Consolidating data in excel worksheets bisexual dating tips
After you share a workbook, many of Excel’s features can’t be used.
There’s a list of unavailable features for Excel 2003 on the Microsoft site, and in Excel’s help.
If a few simple rules are followed when laying out your data, then producing additional reports from that data, and using it for different purposes, becomes simple, instead of the nightmare it is for many users.
These rules apply to any lists of data, be it monthly financial information, transactional data (such as lists of sales, purchases, payments or receipts), customer or supplier lists.
The code then does the same test for the rows in the source range.
Next the procedure copies the path and name of the source workbook into column A.
The spreadsheet is built for one purpose and works OK for that until something slightly different is required and it proves almost impossible to get the report that's needed.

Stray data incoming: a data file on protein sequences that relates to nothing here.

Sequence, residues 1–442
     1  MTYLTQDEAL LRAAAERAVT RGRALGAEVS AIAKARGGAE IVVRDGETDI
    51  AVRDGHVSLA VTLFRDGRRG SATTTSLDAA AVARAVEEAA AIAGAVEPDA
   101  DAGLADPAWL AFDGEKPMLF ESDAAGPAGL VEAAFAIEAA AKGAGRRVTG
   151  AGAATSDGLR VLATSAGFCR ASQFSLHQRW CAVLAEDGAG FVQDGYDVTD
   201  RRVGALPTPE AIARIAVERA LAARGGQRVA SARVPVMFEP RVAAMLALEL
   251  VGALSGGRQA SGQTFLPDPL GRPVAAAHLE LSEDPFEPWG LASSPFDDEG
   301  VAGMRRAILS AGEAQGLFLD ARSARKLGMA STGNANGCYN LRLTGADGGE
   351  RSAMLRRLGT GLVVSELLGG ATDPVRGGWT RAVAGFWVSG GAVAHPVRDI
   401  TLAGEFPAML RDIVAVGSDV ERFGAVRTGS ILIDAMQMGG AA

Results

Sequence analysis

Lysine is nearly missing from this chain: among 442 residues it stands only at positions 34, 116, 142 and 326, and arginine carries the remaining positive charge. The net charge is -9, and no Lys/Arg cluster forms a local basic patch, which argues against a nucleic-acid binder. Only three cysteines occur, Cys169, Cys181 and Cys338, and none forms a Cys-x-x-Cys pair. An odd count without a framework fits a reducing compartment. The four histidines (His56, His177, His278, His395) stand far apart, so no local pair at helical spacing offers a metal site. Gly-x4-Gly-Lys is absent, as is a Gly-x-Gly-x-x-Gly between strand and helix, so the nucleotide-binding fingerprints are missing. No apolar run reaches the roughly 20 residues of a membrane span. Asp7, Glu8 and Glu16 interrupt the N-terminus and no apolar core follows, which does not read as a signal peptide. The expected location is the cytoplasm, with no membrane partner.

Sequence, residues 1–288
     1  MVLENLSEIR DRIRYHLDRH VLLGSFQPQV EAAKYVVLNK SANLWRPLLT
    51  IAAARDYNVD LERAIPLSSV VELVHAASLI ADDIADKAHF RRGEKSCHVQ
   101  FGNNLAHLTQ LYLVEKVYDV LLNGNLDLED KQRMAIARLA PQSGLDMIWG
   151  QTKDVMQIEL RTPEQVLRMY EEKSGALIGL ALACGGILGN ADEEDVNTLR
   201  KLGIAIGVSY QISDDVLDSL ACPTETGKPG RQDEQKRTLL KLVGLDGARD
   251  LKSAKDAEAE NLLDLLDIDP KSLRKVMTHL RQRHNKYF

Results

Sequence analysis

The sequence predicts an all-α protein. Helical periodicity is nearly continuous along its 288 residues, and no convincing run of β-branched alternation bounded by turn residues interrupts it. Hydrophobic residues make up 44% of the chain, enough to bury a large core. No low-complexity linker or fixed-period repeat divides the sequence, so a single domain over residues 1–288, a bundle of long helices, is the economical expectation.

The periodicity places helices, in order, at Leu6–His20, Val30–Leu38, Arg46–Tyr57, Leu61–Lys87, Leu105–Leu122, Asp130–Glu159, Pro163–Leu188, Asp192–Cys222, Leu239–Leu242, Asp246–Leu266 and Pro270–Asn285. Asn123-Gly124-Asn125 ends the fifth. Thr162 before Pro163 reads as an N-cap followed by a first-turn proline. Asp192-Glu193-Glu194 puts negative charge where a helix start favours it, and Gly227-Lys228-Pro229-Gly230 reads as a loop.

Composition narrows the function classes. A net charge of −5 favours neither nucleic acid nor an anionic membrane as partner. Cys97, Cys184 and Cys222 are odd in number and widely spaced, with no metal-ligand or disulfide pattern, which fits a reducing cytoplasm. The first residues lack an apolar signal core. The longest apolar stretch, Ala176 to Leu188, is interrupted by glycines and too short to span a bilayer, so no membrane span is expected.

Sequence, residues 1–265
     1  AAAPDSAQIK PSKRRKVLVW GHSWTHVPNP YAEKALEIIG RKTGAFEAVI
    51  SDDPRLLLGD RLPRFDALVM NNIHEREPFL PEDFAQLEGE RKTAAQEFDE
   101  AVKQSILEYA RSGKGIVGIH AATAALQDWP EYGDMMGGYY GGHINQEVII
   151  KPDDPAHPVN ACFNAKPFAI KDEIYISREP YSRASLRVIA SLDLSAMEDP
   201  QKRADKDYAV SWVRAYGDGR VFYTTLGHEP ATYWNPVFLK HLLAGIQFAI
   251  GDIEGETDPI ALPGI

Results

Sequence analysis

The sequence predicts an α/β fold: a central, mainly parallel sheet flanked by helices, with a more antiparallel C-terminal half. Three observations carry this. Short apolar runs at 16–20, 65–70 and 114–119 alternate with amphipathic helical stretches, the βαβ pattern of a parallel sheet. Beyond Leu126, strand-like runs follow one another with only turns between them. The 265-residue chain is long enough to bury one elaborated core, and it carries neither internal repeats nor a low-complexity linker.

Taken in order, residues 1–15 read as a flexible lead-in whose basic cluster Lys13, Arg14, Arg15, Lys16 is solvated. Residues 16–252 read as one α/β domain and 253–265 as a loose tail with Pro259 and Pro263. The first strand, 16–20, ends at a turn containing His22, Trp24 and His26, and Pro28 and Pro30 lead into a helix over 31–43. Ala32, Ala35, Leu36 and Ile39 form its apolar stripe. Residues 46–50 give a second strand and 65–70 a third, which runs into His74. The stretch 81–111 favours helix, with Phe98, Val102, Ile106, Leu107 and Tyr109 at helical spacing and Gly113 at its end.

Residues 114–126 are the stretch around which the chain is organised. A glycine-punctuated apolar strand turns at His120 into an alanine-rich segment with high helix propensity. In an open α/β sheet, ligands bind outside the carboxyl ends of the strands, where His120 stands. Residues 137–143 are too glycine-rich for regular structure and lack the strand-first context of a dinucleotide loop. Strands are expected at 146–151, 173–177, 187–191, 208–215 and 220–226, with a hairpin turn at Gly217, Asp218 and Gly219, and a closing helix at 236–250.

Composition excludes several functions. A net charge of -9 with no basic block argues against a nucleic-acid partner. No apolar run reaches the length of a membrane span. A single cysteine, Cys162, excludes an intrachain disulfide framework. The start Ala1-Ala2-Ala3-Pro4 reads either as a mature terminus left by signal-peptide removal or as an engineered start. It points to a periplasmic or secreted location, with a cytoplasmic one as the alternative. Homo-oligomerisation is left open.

For example, you can’t add any of the following features, and in some cases you can’t even change the existing items: If you do need to create a shared workbook, check the list of restricted features, and make sure you have everything set up exactly the way you want it, before you share the file.
Test everything after you share the file, because things might not work the way they did before. Find out exactly what the workbook’s purpose is, and why multiple people need to use it.
These are two very different things (see my OAP approach to reporting in Excel).
The rules to follow: As you can see, if you lay out your data according to these rules, you can do pretty much anything you want with it.
The ranges are concatenated into the target worksheet, one after another, in rows.